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West Aith

A Category B Listed Building in West Mainland, Orkney Islands

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Coordinates

Latitude: 59.0397 / 59°2'23"N

Longitude: -3.3114 / 3°18'41"W

OS Eastings: 324841

OS Northings: 1017707

OS Grid: HY248177

Mapcode National: GBR L45V.5SQ

Mapcode Global: WH69N.31DW

Entry Name: West Aith

Listing Date: 30 March 1994

Category: B

Source: Historic Scotland

Source ID: 352614

Historic Scotland Designation Reference: LB18552

Building Class: Cultural

Location: Sandwick

County: Orkney Islands

Electoral Ward: West Mainland

Parish: Sandwick

Traditional County: Orkney

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Description

19th century. Single storey, long low crofting range comprising two three-bay cottages and adjoining barn/byre to west. Rubble-built. Gabled end walls.

Cottage to east: south (entrance) elevation: central gabled porch with door in east return and window in south gable. Porch flanked by windows. Window opening in east gable wall and north elevation. Flagstone roof with remnants of turf thatch.

Central cottage: south (entrance) elevation: central door flanked by single windows. Flagstone roof with turf thatch.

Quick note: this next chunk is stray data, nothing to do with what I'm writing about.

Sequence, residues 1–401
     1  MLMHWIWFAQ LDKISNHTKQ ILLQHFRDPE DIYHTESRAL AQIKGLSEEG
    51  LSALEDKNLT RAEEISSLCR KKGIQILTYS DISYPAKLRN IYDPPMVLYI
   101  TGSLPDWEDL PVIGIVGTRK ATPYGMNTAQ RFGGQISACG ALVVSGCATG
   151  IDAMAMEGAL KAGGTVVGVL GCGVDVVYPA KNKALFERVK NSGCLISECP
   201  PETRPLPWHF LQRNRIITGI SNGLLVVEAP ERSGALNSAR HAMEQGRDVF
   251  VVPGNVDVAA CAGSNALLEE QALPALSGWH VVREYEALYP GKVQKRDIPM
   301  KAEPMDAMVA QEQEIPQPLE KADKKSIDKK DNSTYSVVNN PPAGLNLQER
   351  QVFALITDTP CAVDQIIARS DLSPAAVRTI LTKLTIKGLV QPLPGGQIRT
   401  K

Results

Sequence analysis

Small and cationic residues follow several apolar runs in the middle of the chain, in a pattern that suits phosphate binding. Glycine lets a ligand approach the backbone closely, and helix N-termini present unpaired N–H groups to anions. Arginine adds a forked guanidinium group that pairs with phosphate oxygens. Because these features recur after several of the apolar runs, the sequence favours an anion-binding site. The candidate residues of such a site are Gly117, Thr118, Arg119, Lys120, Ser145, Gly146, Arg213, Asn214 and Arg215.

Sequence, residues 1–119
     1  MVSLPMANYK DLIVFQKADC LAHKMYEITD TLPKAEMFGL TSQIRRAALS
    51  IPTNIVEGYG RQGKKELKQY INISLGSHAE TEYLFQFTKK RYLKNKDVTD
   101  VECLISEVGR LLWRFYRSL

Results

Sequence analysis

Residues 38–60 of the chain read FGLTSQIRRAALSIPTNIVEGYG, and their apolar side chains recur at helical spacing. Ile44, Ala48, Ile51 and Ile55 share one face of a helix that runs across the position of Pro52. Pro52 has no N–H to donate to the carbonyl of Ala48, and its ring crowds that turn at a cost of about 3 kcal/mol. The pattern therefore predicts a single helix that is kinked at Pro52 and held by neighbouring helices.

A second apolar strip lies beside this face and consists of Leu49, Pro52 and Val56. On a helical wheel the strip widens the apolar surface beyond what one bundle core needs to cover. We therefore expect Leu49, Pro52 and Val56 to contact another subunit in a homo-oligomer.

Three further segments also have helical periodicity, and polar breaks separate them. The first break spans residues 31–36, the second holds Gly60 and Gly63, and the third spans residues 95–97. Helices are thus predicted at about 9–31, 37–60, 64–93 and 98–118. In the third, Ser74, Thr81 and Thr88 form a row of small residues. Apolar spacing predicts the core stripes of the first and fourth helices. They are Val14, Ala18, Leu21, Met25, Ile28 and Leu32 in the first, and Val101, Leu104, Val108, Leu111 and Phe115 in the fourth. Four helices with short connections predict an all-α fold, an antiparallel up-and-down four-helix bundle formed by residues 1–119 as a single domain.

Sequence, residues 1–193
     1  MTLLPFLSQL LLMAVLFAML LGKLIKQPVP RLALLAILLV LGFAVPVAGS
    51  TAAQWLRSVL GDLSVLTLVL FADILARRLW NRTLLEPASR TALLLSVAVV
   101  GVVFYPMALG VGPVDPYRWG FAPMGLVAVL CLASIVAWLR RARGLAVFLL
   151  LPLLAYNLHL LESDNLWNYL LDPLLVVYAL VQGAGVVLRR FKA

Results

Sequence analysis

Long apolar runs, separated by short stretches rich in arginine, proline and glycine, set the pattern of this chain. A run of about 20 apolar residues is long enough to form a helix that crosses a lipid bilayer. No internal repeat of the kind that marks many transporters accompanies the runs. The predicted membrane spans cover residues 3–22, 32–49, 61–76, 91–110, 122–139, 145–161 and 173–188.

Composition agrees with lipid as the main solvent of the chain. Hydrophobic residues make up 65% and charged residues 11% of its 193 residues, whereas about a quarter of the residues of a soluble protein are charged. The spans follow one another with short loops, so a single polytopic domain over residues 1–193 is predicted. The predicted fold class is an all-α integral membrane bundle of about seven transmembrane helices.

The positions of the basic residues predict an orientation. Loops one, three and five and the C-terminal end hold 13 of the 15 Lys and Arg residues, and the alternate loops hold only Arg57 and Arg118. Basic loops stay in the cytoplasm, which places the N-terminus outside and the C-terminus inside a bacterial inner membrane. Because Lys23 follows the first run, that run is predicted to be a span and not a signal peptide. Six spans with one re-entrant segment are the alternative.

Four-pane glazing in sash and case windows. Broad gablehead chimneystacks to cottages.

Byre/Barn: two doors in south elevation. Replacement roof.

Statement of Interest

West Aith is an unaltered example of a traditional type of Orkney building.

The previous listed building record (written in 1994) describes the byre/barn as having the remains of a flagstone roof.

It is among a relatively small number of traditional buildings with a surviving thatched or turf roof found across Scotland. A Survey of Thatched Buildings in Scotland, published in 2016 by the Society for the Protection of Ancient Buildings (SPAB), found there were only around 200 buildings of this type remaining, most of which are found in small rural communities. Thatched buildings are often traditionally built, showing distinctive local and regional building methods and materials. Those that survive are important in helping us understand these traditional skills and an earlier way of life.

Listed building record revised in 2019 as part of the Thatched Buildings Listing Review 2017-19.

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